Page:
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Thriller NIGHT MUST FALL Takes Olney Theatre Audiences Into The Mind Of A Killer 9/30

Night Must Fall, a psychological thriller that takes audiences on a chilling journey into the mind of a murderer, targets Olney Theatre Center beginning September 30. Stage, screen and television actor Rosemary Prinz, perhaps best known for her role as Penny Hughes on As the World Turns, plays Mrs. Bramson.

Night Must Fall plays the Mainstage September 30 through October 25. Tickets are $26 to $49, with discounts available to groups, seniors, military, and students. Call the Box Office at 301.924.3400 or visit for tickets. In addition, Olney offers several special performances that include sign interpretation, audio description, and post-show discussions. 

Night Must Fall was a huge hit for Emlyn Williams in New York and in London's West End in the mid-1930s, and reflects his own fascination with violent crime. The play takes place in the sitting room of Mrs. Bramson's bungalow in Essex. A crotchety old tyrant, she spends much of her time in her wheelchair, reveling in her hypochondria. Living with her is her niece, Olivia, who is penniless and reduced to acting as her aunt's personal assistant.

Everything changes when a guest at a nearby inn is found dead near the bungalow. Mrs. Bramson summons Dan, the inn's bellhop, to her home to lecture him on doing right by her maid Dora, who is pregnant with his child. However, Dan appeals to the grande dame's vanity, and insinuates himself into her affections. Only Olivia sees through him, and even suspects him of murder, but she is too attracted to him to do anything.

Night Must Fall was first performed at Olney in 1949. Directed by Harry Elerbe, the cast included Viola Roache, Pamela Simpson, Ralph Sumpter, Phillipa Bevans, Mary MacArthur, Leon Janney, Francis Compton, and Ruth Masters.

Rosemary Prinz (Mrs. Bramson) made her Broadway debut in 1952 in The Grey-Eyed People with Walter Matthau. Four years later, she joined the soap opera As the World Turns as Penny Hughes, whom she portrayed until 1968, and returned to play in later years. Other Broadway productions include Prisoner of Second Avenue, George Abbott's revival of 3 Men on a Horse, Tonight in Samarkand with Louis Jourdan, Late Love, and Tribute with Jack Lemmon. Off-Broadway, she originated the role of M'lynn in Steel Magnolias, which she played for two years.

Julie-Ann Elliott takes on the role of Mrs. Bramson's niece, Olivia. She was last seen on Olney's stage as Epifania Ognisanti Di Parerga in The Millionairess. Other recent Olney Theatre Center credits include Madame Bathilde and The Sultan of Turkey in Is He Dead, Molly in The Mousetrap, Constance Middleton in The Constant Wife, and Hedda in Hedda Gabler.

Worming his way into both of their lives is Tim Getman as Dan, who performed at Olney in An Enemy of the People and Somewhere in the Pacific. He has also performed regionally at Arena Stage, RepStage, Signature Theatre, Theater J, and Woolly Mammoth, among others.

Portraying Mrs. Bramson's trio of helpers are Briel Banks as Dora, the maid; Anne Stone as Mrs. Terence, the cook; and Kathleen Akerley as Nurse Libby. Ms. Banks returns to Olney, having just played Laura Wingfield in Jim Petosa's production of The Glass Menagerie. She has also crossed the boards of the Historic stage as Ela Delahay in Charley's Aunt. Ms. Stone's Olney productions include Morning's at Seven, Death of a Salesman, Hedda Gabler, Tartuffe, and The Madwoman of Chaillot. Ms. Akerley most recently appeared in Theater Alliance's production of Five Flights. Other local credits include Catalyst Theatre's Crumble, Macbeth, Caligula, and Hedda Gabler and Hapgood (for which she received a Theater Lobby Award for the title role) for Washington Shakespeare Company.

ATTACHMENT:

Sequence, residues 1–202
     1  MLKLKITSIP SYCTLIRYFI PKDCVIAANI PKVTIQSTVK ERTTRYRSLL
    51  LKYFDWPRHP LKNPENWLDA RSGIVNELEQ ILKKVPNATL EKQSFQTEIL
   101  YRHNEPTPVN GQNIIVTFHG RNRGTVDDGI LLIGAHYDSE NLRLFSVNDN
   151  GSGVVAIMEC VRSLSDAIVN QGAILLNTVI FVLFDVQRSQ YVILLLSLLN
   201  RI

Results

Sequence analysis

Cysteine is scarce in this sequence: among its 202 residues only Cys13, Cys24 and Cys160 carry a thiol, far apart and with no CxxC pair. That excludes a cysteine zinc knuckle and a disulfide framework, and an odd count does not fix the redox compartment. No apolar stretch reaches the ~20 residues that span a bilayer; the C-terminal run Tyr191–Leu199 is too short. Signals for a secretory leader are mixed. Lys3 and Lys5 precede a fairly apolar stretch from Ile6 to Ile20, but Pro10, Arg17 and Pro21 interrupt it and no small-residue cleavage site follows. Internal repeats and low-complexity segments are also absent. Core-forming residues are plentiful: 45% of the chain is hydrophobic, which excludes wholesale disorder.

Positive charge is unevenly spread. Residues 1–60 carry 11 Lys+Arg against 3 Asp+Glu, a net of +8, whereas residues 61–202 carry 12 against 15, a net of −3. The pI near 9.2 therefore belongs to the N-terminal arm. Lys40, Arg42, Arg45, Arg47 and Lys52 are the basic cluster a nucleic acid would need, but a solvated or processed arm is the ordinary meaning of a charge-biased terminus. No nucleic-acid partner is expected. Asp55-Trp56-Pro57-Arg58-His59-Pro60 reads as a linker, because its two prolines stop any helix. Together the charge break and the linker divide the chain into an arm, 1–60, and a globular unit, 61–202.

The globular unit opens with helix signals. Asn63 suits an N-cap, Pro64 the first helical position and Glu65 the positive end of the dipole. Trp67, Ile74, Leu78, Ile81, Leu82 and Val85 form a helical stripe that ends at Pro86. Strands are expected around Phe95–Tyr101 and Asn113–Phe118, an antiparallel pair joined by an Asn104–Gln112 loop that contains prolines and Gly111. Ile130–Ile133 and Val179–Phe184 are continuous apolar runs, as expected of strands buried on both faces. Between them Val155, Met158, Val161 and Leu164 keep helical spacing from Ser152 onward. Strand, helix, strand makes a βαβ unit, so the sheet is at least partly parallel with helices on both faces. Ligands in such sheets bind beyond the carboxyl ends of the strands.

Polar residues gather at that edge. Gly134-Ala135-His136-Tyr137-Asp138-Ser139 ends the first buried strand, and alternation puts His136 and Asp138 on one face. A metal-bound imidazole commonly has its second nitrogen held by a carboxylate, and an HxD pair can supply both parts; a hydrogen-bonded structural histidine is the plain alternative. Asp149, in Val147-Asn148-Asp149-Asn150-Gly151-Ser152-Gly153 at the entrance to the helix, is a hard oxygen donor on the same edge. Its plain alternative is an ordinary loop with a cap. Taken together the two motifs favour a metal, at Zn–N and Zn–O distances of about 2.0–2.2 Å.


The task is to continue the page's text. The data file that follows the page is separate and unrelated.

Rounding out the cast are Paul Morella as Inspector Belsize and Carl Randolph as Hubert. Mr. Morella is currently appearing on Olney's Mainstage in A Passion for Justice: An Encounter with Clarence Darrow. Before that, he appeared in Olney's critically acclaimed production of Rabbit Hole, as well as in Brooklyn Boy, The Laramie Project, Art, Becket, Broken Glass, M Butterfly, The Time of Your Life, The Mousetrap, and others. Mr. Randolph returns to Olney having recently appeared in Fiddler on The Roof and 1776. Recent credits include Candida at Bay Theatre, Here's to the Ladies: The Women of Tin Pan Alley at H Street Playhouse, Opus at Washington Stage Guild, A Prayer for Owen Meany at Round House Theatre, Shear Madness at the Kennedy Center, and the National Tour of A Chorus Line.

This production of Night Must Fall is in the capable hands of Associate Artistic Director John Going. Going has staged more than 30 productions at Olney, most recently The Millionairess. Others include The Mousetrap; Doubt: A Parable; 13 Rue de L'Amour; I Am My Own Wife; and The Constant Wife. A four-time Helen Hayes Award nominee, Going received the award for Outstanding Direction for his work on The Miser at the Folger Shakespeare Theatre. He won the Kevin Kline Award for Best Director for I Am My Own Wife at The Repertory Theatre of St. Louis.

In addition to Going, the creative team includes James Wolk (Scenic Designer), Liz Covey (Costume Designer), Dennis Parichy (Lighting Designer), Jarett C. Pisani (Sound Engineer), Nan Flanigan (Wig Designer), and Leigh Smiley (Dialect Coach).

TICKETS: $26 - $49; discounts available for groups, seniors, military, and students

BOX OFFICE: 301.924.3400;

LOCATION: Olney Theatre Center
2001 Olney-Sandy Spring Road, Olney, Maryland 20832
Located just north of Washington, DC, the theater sits 1¼ mile from the intersection of Olney-Sandy Spring Road (Route 108) and Georgia Avenue (Route 97). Parking is free.

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